We review The Darkside Detective, a humorous supernatural point-and-click adventure game for Nintendo Switch.
The Darkside Detective: Story
As a life-long point-and-click fan, it’s heartening to see new adventure titles hitting consoles such as the Switch, long after the supposed demise of the genre. A quick look at The Darkside Detective’s graphics might convince you that this is a port of some old 8-bit title. However, like The Last Door before it, this game simply uses a retro-style presentation to tell its story.
Or rather, stories. The adventuring is split into several handy bite-sized chunks, many of which will take under half an hour to complete. That makes The Darkside Detective a great title to pick up and play on the commute, or simply dive into whenever you feel.
Each section tells a different story, following slick dick Francis McQueen as he investigates a series of spooky cases. From devil doors to poltergeists, you’ll encounter all manner of hi-jinks in these mini adventures. Gameplay remains the same in each case. First off, interrogate everyone you come across to find out what’s actually going on. With that done, you can explore the crime scene in question and collect any clues or useful items to resolve the situation.
Read next: The Fall Part 2 review (Nintendo Switch)
The Darkside Detective: Gameplay
This game may not be particularly original, sure, and point-and-click veterans are unlikely to be flummoxed by the majority of the puzzles. That’s an issue which is partly down to the ‘minisode’ nature of the game. With such a limited number of environments to explore in each case, solutions to problems become all the more obvious. And even if you are stuck, a bit of trial-and-error clicking on everything will steer you through in no time.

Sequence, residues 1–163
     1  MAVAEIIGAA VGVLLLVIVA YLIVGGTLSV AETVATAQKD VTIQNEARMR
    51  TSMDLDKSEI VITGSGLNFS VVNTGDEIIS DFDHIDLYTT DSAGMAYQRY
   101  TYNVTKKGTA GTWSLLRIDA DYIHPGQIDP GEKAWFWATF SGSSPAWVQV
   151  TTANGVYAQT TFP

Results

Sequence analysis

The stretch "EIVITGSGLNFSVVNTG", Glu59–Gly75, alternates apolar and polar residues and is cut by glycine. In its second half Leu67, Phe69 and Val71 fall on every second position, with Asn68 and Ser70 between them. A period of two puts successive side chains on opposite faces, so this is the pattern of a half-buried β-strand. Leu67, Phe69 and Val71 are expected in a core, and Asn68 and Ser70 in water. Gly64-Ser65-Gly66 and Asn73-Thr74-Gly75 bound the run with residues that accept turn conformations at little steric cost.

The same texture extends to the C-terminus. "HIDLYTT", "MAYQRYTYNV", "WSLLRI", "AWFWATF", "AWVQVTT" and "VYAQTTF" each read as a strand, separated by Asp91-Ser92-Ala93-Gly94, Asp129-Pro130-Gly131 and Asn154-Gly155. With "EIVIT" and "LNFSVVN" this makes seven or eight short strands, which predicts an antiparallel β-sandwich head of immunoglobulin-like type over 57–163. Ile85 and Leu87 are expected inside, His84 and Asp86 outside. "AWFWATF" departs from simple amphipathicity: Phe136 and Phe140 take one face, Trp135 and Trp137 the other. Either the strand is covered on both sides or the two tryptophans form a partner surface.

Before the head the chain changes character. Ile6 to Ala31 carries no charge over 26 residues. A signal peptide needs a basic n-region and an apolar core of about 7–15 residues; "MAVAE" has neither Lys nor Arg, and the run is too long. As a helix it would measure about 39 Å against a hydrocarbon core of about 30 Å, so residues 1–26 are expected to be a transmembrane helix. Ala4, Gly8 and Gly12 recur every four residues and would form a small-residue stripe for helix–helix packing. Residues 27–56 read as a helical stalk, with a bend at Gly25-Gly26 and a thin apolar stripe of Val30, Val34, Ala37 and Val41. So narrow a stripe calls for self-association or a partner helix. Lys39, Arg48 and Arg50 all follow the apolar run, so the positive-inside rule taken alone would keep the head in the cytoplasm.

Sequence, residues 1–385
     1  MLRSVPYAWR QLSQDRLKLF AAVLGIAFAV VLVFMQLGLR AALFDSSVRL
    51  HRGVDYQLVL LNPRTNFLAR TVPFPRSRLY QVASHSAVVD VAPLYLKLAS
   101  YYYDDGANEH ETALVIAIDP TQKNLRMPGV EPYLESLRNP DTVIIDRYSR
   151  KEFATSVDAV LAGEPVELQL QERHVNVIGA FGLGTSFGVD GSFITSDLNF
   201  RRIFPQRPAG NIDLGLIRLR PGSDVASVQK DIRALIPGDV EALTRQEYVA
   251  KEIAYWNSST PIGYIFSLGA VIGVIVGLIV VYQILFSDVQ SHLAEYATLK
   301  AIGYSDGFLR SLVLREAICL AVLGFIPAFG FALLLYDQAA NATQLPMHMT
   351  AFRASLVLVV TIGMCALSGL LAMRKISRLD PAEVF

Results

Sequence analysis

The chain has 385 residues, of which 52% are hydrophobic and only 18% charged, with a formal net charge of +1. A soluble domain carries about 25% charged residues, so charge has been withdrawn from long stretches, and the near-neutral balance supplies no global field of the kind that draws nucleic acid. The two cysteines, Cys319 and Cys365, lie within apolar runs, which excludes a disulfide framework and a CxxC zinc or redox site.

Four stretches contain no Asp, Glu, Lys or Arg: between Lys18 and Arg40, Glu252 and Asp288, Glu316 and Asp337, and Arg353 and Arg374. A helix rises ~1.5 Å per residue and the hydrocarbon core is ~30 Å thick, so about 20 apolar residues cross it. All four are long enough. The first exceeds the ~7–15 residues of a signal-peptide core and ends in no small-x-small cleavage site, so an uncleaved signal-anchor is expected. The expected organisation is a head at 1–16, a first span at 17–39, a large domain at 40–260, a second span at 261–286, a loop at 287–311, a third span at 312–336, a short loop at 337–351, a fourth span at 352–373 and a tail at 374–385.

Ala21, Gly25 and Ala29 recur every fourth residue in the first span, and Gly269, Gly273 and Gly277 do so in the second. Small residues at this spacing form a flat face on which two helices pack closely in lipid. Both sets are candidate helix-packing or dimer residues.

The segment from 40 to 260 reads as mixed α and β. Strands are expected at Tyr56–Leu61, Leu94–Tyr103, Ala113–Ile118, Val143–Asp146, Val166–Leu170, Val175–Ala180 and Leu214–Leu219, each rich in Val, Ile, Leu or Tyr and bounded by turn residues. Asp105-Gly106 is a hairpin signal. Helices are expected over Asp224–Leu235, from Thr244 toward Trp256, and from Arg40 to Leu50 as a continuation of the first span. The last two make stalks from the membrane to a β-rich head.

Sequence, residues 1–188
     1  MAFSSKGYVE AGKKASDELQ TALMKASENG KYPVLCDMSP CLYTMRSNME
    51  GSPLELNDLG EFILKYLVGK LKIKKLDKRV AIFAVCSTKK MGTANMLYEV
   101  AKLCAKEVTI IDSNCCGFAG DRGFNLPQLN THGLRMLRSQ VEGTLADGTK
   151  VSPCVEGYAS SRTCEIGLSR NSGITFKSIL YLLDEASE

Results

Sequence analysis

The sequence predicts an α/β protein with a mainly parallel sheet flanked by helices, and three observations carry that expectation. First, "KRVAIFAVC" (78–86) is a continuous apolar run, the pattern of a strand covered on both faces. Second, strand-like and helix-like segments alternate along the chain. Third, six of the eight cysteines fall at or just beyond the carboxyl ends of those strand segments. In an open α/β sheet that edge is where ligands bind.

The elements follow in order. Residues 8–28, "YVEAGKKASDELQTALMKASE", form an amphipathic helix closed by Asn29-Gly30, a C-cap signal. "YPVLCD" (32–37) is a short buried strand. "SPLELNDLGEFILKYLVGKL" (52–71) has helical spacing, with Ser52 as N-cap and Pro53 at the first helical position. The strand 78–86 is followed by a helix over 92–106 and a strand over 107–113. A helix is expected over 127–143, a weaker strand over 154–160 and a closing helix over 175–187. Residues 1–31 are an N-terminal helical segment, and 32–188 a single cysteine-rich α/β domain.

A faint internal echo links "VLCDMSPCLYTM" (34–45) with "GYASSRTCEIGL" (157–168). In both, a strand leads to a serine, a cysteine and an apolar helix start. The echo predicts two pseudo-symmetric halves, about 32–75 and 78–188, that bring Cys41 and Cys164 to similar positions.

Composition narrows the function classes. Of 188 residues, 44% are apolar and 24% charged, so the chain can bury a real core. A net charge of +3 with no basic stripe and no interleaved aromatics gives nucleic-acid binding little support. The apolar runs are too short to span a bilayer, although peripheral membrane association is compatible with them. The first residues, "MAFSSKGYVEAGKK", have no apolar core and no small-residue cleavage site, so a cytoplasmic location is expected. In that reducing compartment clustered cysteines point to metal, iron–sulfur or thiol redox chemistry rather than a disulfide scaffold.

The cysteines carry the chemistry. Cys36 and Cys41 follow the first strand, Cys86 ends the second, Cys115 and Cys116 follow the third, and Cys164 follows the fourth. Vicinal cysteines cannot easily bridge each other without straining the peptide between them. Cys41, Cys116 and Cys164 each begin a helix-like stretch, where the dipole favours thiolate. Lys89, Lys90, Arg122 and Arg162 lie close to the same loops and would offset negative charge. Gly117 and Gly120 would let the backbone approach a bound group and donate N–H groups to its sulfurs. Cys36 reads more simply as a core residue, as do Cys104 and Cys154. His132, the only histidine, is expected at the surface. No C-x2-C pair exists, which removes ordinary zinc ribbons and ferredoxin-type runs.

All the same, I was thoroughly entertained by these paranormal shenanigans, from start to finish. The casual nature of the gameplay is perfectly relaxing and we love the gag-filled dialogue.
Darkside Detective adopts the same tongue-in-cheek style as classic LucasArts adventures such as Monkey Island and Ron Gilbert’s brilliant Thimbleweed Park. The fourth wall isn’t so much broken as smashed into powder. The game could almost be suffering an epileptic fit, with all of these knowing nods and winks. And that’s perfectly fine with us. Most of the gags land and at the very least tease a wry smile, while many deliver a chuckle or two.
Cinephiles will also love the frequent movie references buried away. The first case even packs in a cheeky Mallrats quote. That immediately gains the game a gajillion bonus points in our eyes.
The Darkside Detective: Verdict
Those simple graphics are perfectly suited to the Switch’s dinky screen, while we had no issues with the overall presentation. All that matters is that Darkside Detective is fun to play. That broken-up structure is a good match for Nintendo’s console too, so commuters will be well served.
Read next: Best mobile point-and-click adventure games
Leave a Reply